As far as I'm aware, the problems relate to the fact that exceptions can be swallowed when thrown in the Load event handler. This is not a reflection of what that event is or is not for. My understanding is that it was due to some incompatibility between .NET and 64-bit Windows that each team blamed on the other and was thus not addressed by either. The solution was to add a Try...Catch block to the event handler. I believe that it is no longer a problem in Windows 10, although I'm not sure exactly when it was addressed. Again, this is not the result of people using the Load event incorrectly.
 

Mike_etc

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Sleepings,
Sorry I left off the "s" in your user name.
 

Sheepings

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Sheepings

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As far as I'm aware, the problems relate to the fact that exceptions can be swallowed when thrown in the Load event handler.
This still happens today. So you are right that it has never been fixed.
I believe that it is no longer a problem in Windows 10, although I'm not sure exactly when it was addressed.
I wasn't aware it was fixed and I was of the belief that its still an ongoing issue. As you know Microsoft are slow to make fixes, since Windows has more holes in it than an Ants nest.

I also didn't write the Microsoft developer network documentation. I just follow it as its written. So just because everyone else on the internet tells you to use the form load event. That doesn't make it right to do so, just because everyone else does. Microsoft expresses that the Shown event should be used when the form is fully shown; when you want to do things with the controls of said form. The only time I use the Load event is if I am trying to initialize something before the form is shown.

The swallowing of errors in the load event is still an issue as far as i am aware. But don't hold me to that re- windows 10 until you check the error report has addressed a fix.
 

jmcilhinney

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I also didn't write the Microsoft developer network documentation. I just follow it as its written. So just because everyone else on the internet tells you to use the form load event. That doesn't make it right to do so, just because everyone else does. Microsoft expresses that the Shown event should be used when the form is fully shown; when you want to do things with the controls of said form. The only time I use the Load event is if I am trying to initialize something before the form is shown.
Given that Load has existed since .NET 1.0 and Shown was introduced in .NET 2.0, it would seem odd that they wanted people to use Load originally and then changed their mind and wanted them to use Shown. It's not beyond the realms of possibility but it would seem odd. When I was working with .NET 1.1, there were a few times that I specifically needed to do something after the form was displayed rather than before and, in those cases, I had to handle the Activated event and use a flag to filter for the first instance. As far as I can tell, the Shown event was added specifically for those situations. All the situations that used the Load event before would still use the Load event.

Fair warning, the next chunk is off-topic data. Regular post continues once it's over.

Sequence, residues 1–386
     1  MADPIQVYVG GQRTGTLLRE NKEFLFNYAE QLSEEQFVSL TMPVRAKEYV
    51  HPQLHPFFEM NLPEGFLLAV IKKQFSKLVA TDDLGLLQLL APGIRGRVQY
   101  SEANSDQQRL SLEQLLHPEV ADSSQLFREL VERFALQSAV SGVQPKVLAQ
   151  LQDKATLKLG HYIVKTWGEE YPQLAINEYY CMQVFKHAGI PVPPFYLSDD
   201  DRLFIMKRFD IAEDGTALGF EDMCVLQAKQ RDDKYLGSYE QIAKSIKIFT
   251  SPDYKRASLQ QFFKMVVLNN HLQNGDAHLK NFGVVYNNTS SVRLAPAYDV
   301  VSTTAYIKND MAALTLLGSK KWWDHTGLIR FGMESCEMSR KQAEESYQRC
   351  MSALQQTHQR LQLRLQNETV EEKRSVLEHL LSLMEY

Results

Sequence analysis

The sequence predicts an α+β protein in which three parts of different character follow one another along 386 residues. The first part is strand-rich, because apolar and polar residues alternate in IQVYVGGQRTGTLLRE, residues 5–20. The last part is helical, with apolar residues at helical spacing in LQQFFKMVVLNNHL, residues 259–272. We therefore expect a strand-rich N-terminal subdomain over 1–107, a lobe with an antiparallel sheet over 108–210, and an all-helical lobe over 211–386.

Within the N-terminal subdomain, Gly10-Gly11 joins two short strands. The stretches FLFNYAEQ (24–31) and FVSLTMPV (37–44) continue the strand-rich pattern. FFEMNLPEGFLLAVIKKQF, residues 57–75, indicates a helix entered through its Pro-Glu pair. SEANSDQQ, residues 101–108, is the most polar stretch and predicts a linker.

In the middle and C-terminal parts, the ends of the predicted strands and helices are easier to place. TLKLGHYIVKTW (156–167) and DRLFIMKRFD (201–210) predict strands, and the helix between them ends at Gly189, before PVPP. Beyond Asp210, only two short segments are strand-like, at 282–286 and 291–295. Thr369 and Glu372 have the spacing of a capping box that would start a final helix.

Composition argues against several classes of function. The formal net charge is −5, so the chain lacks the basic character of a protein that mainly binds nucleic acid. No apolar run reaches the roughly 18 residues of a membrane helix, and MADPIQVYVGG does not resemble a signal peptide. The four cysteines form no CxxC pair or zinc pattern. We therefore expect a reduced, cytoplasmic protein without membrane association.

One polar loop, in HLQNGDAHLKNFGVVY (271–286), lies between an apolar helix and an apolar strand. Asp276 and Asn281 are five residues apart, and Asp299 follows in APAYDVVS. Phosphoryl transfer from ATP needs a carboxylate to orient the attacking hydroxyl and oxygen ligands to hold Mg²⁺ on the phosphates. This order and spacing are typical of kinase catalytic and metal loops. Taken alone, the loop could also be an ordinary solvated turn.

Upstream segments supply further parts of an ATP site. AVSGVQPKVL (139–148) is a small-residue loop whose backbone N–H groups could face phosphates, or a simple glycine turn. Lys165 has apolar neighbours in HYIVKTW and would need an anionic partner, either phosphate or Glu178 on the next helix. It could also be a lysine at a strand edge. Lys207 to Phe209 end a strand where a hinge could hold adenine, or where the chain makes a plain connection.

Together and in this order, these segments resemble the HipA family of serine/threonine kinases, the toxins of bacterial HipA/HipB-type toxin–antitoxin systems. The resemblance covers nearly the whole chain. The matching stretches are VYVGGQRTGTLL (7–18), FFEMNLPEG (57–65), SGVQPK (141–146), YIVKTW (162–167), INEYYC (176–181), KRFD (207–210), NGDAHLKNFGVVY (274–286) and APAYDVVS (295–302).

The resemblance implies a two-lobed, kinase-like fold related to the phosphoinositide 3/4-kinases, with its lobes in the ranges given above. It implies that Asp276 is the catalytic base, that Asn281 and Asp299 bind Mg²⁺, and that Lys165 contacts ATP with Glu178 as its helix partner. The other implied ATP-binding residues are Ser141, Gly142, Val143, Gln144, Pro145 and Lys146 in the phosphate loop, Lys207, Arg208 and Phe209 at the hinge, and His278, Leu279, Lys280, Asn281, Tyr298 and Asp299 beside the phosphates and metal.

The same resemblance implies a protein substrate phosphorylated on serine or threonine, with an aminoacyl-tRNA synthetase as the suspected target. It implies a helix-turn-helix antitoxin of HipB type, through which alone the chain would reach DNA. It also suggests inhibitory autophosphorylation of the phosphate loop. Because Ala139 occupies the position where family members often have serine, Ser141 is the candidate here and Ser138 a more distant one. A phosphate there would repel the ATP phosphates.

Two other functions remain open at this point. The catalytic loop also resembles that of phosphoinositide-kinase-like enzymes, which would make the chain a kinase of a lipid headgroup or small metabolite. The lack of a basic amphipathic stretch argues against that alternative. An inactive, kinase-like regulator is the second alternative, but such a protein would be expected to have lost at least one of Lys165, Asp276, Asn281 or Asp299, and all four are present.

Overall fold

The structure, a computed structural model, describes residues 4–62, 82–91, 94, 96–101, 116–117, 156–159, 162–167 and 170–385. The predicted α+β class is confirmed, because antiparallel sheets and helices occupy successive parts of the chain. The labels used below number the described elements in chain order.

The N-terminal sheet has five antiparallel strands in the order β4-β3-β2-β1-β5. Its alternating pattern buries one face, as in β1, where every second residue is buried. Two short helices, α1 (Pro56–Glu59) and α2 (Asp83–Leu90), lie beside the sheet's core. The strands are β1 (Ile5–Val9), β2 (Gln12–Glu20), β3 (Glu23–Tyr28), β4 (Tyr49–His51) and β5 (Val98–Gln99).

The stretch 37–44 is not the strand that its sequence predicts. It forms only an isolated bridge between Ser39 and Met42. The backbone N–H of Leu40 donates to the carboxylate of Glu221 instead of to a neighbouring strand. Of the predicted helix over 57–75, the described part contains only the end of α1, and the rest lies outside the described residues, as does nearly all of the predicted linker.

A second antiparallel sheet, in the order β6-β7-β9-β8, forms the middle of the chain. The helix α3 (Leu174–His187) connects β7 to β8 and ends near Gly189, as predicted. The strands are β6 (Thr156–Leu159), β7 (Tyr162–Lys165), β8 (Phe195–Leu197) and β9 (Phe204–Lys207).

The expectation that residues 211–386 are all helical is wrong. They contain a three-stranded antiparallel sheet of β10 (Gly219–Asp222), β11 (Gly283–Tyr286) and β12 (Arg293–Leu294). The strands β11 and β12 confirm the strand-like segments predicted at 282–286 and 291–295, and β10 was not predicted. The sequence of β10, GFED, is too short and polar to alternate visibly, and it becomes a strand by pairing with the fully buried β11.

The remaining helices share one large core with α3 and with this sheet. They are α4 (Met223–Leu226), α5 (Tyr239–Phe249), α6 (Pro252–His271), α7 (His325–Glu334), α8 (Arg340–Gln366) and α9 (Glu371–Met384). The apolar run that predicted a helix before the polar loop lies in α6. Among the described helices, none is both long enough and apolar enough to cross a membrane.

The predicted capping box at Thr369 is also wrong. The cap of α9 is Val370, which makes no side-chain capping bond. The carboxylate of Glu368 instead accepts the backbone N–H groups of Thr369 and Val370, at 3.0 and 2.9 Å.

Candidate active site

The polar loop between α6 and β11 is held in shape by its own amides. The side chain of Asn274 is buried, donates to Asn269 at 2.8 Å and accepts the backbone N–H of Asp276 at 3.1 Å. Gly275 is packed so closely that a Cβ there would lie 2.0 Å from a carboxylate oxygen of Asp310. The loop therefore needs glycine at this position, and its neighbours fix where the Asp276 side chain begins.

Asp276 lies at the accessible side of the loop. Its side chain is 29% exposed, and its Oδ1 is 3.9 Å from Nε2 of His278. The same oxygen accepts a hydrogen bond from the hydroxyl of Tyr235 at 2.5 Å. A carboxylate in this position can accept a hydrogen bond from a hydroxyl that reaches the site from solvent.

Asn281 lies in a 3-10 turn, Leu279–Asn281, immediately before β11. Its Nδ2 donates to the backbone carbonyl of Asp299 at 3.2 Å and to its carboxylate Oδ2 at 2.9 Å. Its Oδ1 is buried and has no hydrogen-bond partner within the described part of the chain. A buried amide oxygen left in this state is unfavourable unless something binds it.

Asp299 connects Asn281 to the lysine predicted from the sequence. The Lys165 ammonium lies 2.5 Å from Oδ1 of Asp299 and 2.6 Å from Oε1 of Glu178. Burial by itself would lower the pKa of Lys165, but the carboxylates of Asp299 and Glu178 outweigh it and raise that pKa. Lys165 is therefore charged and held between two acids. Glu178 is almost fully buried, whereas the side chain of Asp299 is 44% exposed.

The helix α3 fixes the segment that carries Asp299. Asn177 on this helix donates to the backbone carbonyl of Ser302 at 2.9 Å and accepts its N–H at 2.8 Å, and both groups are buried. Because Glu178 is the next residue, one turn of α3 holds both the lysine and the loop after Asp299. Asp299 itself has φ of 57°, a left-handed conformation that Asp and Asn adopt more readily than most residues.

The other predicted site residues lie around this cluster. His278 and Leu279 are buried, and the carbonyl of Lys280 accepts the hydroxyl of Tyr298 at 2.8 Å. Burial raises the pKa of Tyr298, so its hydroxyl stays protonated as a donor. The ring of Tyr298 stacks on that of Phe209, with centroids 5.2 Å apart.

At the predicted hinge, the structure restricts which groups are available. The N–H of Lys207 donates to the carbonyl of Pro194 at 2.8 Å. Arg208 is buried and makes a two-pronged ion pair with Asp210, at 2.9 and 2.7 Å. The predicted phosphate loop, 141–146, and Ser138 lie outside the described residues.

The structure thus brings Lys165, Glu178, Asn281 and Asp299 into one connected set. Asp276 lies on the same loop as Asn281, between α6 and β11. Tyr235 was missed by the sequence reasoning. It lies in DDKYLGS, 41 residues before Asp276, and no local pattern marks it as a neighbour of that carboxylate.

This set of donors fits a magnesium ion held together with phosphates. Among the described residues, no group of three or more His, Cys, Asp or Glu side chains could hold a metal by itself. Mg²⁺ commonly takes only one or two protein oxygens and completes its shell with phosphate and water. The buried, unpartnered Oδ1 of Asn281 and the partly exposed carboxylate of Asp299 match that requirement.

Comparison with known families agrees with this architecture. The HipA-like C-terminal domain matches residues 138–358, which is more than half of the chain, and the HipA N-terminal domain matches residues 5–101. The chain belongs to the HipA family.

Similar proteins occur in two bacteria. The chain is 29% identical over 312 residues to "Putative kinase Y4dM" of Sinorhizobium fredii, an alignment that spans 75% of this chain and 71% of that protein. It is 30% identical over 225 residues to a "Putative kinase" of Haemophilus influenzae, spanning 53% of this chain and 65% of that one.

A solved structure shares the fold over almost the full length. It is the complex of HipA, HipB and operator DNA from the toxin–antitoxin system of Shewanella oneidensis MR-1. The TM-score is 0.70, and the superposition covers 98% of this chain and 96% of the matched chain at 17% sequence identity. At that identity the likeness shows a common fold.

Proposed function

To me, it comes down to the fact that you'd generally like to have your form fully initialised before displaying it to the user. Having it displayed in one state and then change to another for no apparent reason is not great UX. You'd have to look at each scenario individually to determine what was best in any particular case but that's the reason that, for me, Load should be the default.
 

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jmcilhinney,
Thank you for your explanation of the difference between the Shown event and VisibleChanged and/or Activated events. I have used the latter in some VB6 programs but up until now was not familiar with how the Shown event behaves. I do not have a problem with my form showing an empty grid. I have solved my problem by letting the form load without specifying a data source, showing an empty grid, and then disabling all data manipulation actions until a valid data source is selected via File|Open menu command
 

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Regarding what the OP is doing. Trying to display a dialog before the form is shown is a poor design model. If that where the case. Present your own dialog box as the first loaded form before loading your main form. That would actually be the correct thing to do, and with that result, you could then show your main form after you receive user input from your dialog.
 

JohnH

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I would not change the startup form (MainForm). If there is a precondition where it is pointless to start the application then Startup event can be cancelled, as explained in post 2.
Mind that there is a separation of application and the data the applications presents, it is most common for any application to start without data and after that let user load the data - either with menu system or for example automatically starting a dialog asking for data. Starting with a dialog, validation, and loading even before the main window is shown sounds very annoying to me. In addition the loading process could take some time and should most likely be done on a separate thread, I sometimes do this from Load event, but let the application initialize normally as quick as possible. Then data is presented when available and window is already shown, it makes the application appear much faster and responsive in startup.
 

jmcilhinney

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Regarding what the OP is doing. Trying to display a dialog before the form is shown is a poor design model. If that where the case. Present your own dialog box as the first loaded form before loading your main form. That would actually be the correct thing to do, and with that result, you could then show your main form after you receive user input from your dialog.
It may be possible that you have also forgotten the fact that, in post #2, I specifically said that Load is the wrong choice in this particular case. I originally advised using Startup or Shown in this specific case. My comment about disagreeing with you was relating to NEVER using Load. I advocate for using the right tool for the job. Often times that is the Load event and sometimes it's not. If the OP were to handle Startup then they can still use the standard OpenFileDialog and not have waste time reinventing the wheel, and they can prevent the main form ever even being created if it turns out that they have no need to display it.